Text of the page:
24 phrases for describing your health problems and symptoms in English

Doctor examination

Being able to explain how you feel in English is extremely important if you live or travel in an English-speaking country. You need to be able to tell a doctor exactly how you feel. For example, is your pain sharp, dull, excruciating? Is it a burning pain, or do you feel sore? All of these different kinds of pain may be signs of very different health problems.

Below is a list of different symptoms.

Things you have:

  • I have an upset stomach.
     
  • I have a wheezing cough.
    A "wheezing" cough sounds dry and painful. 
     
  • I have a rash on my neck.
    This means that your skin is red and itchy.

Things that you're having:

Things that you are:

  • I'm short of breath.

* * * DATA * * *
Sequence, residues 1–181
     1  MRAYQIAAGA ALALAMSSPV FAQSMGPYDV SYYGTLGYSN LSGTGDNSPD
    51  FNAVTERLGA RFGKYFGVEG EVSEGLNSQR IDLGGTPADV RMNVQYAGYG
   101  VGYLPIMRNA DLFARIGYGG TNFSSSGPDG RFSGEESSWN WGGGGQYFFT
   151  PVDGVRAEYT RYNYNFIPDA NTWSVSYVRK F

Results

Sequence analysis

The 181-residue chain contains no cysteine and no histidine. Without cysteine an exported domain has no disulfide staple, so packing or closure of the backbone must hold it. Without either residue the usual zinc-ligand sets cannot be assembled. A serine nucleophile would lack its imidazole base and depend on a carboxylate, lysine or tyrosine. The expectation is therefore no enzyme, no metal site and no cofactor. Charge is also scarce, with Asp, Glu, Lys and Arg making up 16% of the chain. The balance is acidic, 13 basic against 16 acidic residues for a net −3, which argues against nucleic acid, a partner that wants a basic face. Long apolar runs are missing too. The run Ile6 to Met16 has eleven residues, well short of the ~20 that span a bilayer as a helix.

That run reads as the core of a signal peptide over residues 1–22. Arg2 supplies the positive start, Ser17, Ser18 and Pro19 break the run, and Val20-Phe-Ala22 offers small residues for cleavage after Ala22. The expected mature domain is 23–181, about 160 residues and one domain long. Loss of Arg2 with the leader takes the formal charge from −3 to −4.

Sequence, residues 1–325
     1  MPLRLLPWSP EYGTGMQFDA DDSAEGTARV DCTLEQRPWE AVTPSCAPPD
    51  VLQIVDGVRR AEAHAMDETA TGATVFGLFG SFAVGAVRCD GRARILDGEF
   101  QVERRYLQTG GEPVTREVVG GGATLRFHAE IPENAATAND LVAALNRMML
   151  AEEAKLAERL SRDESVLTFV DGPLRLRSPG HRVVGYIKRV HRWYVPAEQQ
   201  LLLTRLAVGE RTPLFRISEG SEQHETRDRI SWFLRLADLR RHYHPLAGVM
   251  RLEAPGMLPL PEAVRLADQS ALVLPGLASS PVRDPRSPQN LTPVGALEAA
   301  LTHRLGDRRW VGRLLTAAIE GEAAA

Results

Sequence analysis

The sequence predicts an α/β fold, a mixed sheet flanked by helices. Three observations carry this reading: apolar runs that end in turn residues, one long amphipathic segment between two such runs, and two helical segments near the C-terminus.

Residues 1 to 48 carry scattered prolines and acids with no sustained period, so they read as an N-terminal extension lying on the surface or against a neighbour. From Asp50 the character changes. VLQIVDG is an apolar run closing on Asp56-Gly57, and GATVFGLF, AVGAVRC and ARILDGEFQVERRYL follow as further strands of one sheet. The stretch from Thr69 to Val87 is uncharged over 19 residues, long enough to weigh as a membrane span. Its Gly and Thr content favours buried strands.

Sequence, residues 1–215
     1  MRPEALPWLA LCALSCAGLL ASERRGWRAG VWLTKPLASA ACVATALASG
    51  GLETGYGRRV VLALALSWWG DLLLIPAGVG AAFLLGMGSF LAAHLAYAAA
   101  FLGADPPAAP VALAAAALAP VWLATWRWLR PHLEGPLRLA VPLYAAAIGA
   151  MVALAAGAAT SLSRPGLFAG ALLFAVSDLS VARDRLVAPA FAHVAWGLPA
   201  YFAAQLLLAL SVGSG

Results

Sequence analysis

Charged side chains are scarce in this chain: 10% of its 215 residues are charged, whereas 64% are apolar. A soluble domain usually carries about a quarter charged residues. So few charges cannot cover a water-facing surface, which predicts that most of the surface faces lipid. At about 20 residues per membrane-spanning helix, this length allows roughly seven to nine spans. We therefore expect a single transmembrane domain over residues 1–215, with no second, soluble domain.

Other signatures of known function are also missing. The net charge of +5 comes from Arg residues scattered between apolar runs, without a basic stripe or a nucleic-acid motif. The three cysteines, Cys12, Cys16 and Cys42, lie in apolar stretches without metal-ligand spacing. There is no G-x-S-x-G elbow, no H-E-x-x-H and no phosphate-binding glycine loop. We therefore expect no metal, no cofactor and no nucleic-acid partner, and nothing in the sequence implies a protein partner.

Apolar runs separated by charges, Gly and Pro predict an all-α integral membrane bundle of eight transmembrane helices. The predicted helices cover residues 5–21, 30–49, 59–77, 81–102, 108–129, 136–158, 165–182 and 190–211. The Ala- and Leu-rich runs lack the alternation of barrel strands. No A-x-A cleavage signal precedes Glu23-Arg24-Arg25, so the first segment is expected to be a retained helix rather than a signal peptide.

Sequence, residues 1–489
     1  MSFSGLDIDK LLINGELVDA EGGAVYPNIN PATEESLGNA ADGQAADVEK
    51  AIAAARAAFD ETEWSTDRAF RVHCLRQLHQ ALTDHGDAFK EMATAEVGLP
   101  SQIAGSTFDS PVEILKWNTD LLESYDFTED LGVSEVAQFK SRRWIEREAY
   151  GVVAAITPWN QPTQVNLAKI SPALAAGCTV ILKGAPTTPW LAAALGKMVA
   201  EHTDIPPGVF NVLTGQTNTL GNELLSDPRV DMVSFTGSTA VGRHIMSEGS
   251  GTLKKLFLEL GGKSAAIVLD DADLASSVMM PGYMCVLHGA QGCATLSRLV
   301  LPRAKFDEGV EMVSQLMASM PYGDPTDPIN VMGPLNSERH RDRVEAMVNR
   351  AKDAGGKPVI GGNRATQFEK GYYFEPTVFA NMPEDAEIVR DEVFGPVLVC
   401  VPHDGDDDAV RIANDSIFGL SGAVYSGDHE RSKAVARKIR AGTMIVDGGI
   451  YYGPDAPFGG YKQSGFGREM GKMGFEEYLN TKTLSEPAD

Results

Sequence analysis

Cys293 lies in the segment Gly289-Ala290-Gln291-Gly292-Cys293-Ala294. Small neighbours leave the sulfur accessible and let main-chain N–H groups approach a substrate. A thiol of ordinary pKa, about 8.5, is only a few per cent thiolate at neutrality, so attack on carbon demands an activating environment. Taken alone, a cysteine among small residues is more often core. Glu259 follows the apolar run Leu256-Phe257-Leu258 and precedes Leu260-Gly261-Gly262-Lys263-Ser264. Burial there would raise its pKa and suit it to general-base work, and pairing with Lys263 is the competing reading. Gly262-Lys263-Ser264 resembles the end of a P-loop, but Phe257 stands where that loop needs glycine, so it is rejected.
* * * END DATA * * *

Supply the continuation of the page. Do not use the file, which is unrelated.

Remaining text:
This means that you can't breathe well. 
     
  • My muscles are sore.
    This is the feeling that you get the day after doing hard exercise. 

Things that you get:

Things that you feel:

Things that are happening to parts of your body:

  • My ankle is red and swollen.
    When part of your body gets bigger, it's "swollen". 
     
  • It hurts when I apply pressure to it.
    Pushing, squeezing, or leaning on part of your body "applies pressure" to it. 
     
  • My stomach hurts.
     
  • My nose is stuffy.
    This happens when you have a cold and mucus clogs up your nose. 

Things that you're doing:

  • I'm running a fever of 102 degrees.
     
  • I've been vomiting for the last 12 hours.
    "Vomiting" is also called "throwing up". It means that your food comes back up out of your stomach. 
     
  • I've been waking up in the middle of the night every night. 

Other problems:

Can you describe a recent health problem you had? Exactly how did it feel, and what symptoms did you have?

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